The last time we flew into Israel was from Cairo, where the Israeli security officials at the Cairo airport detained the lady in line in front of us for 45 minutes, opened her luggage, spread the contents across the counter, and asked her all sorts of questions. When they had finally finished with her and my wife and I stepped up to the counter, the official in charge waved us on impatiently, saying, "Hurry up, you'll miss the plane."
This was no special treatment for us. They had no idea who we were. We were just not the kind of people they spent time on, for whatever reason.
Recently, an Israeli security official was interviewed on Fox News Channel by Mike Huckabee. The official said that he has testified before Congress and offered to help with suggestions on how the American airport security system could be improved-- and he clearly thought it needed a lot of improvement.
Apparently the only response he got from American security officials was a polite letter. "They didn't tell me to go to Hell," he said. "They were polite."
There is no stronger indication of danger than officials who don't want to hear what anybody else has to say, even when those who offer to help have a system that works better than ours.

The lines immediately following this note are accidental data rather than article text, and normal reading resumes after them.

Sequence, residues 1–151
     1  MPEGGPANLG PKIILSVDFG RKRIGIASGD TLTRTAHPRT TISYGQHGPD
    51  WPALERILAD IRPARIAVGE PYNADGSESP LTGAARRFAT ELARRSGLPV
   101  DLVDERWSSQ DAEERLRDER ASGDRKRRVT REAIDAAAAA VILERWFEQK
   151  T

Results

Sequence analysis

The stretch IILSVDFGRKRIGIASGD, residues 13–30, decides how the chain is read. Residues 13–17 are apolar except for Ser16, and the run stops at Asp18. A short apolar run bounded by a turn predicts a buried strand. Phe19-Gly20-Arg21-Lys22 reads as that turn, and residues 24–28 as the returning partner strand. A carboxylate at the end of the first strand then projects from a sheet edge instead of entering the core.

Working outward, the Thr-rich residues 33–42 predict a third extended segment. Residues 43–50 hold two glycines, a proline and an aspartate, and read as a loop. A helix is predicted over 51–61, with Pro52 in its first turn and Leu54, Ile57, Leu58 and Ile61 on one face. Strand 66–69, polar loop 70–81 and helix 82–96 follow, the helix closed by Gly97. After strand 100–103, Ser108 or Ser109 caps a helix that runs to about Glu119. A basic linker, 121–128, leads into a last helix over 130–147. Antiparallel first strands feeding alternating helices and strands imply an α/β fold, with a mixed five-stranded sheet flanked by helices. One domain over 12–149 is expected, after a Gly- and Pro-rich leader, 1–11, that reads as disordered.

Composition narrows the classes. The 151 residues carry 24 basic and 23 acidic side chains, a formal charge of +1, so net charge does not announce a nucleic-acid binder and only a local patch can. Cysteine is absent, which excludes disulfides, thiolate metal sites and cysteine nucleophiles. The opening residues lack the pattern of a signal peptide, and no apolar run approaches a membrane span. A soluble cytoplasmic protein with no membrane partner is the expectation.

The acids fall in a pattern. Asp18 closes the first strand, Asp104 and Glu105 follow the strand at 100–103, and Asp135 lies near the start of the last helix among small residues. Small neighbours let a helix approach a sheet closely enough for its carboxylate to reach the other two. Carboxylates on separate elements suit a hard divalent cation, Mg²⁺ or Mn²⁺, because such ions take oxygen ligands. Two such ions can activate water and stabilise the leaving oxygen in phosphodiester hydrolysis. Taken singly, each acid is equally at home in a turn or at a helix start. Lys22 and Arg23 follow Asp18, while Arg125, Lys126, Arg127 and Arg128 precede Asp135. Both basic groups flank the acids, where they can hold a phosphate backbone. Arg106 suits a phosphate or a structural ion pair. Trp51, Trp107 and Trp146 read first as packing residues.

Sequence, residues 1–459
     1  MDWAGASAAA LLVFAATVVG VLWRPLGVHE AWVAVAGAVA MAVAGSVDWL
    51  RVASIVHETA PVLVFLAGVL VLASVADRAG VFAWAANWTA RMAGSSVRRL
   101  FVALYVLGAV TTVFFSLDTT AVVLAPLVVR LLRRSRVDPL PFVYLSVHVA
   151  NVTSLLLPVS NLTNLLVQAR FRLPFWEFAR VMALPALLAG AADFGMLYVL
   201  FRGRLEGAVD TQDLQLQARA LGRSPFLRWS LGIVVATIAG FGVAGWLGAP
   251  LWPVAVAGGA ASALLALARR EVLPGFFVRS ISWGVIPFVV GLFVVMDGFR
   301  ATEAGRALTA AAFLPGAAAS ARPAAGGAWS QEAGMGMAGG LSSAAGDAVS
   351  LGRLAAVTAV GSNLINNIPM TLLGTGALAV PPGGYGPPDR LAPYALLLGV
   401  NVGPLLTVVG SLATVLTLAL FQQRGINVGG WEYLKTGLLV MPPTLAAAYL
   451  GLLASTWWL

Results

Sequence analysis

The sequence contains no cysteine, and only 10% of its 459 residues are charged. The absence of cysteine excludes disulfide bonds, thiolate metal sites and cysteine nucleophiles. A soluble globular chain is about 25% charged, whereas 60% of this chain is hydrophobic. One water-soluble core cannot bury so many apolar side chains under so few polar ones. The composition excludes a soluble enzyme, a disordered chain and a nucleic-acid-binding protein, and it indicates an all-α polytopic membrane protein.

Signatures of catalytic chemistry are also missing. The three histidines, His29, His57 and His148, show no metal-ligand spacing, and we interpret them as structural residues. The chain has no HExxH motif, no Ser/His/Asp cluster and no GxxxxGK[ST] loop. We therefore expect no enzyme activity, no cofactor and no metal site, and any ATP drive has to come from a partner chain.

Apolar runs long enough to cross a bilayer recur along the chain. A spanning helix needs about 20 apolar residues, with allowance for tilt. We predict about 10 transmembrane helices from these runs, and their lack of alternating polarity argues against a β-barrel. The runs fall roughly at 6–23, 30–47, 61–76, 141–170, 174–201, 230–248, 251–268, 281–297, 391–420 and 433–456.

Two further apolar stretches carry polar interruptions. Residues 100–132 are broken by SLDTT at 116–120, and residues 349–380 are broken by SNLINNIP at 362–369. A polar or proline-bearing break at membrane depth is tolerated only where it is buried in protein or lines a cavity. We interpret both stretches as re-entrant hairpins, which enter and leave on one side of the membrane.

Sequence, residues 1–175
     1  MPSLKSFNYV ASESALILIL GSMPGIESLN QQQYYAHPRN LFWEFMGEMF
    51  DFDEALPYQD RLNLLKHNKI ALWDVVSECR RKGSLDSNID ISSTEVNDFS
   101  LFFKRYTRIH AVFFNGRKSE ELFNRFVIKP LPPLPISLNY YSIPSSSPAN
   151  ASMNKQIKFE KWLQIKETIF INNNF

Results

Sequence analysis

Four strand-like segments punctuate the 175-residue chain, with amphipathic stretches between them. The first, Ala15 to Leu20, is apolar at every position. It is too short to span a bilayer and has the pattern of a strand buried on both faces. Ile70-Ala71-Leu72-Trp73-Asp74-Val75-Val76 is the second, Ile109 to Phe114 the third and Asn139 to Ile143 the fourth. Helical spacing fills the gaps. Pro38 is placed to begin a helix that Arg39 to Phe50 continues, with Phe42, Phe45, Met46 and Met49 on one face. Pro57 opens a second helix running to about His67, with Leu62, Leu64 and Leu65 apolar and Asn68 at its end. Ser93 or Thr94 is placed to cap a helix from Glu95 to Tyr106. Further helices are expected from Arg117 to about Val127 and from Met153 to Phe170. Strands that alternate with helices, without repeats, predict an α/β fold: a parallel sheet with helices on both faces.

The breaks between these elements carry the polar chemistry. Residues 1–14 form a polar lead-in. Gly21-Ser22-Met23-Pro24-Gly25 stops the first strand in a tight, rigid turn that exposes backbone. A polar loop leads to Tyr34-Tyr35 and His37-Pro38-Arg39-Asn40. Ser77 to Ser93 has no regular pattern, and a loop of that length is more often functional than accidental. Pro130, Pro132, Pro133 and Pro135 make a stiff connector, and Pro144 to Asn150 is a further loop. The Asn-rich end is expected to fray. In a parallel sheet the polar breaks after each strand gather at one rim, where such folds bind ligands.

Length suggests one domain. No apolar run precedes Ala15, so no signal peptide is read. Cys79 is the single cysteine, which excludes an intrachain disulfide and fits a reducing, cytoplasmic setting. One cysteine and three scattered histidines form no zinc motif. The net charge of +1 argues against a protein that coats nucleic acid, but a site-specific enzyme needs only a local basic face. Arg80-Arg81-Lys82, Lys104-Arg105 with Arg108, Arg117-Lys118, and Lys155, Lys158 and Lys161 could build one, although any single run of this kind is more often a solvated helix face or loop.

The fundamental issue goes beyond the Fort Hood massacre or the Christmas bomber. These are just symptoms of a larger set of attitudes and expediences reflecting the same outlook.
Putting terrorists on trial in American criminal courts, under rules designed for American citizens, tells you all you need to know about whether the Obama administration is serious about security or is still playing the political correctness game.
Terrorists are not covered by the Geneva convention for the simple reason that they do not abide by the Geneva convention. They are enemy combatants and you do not turn enemy combatants loose to go back to killing Americans while the war is still on-- not if you are being serious, as distinguished from being political or ideological.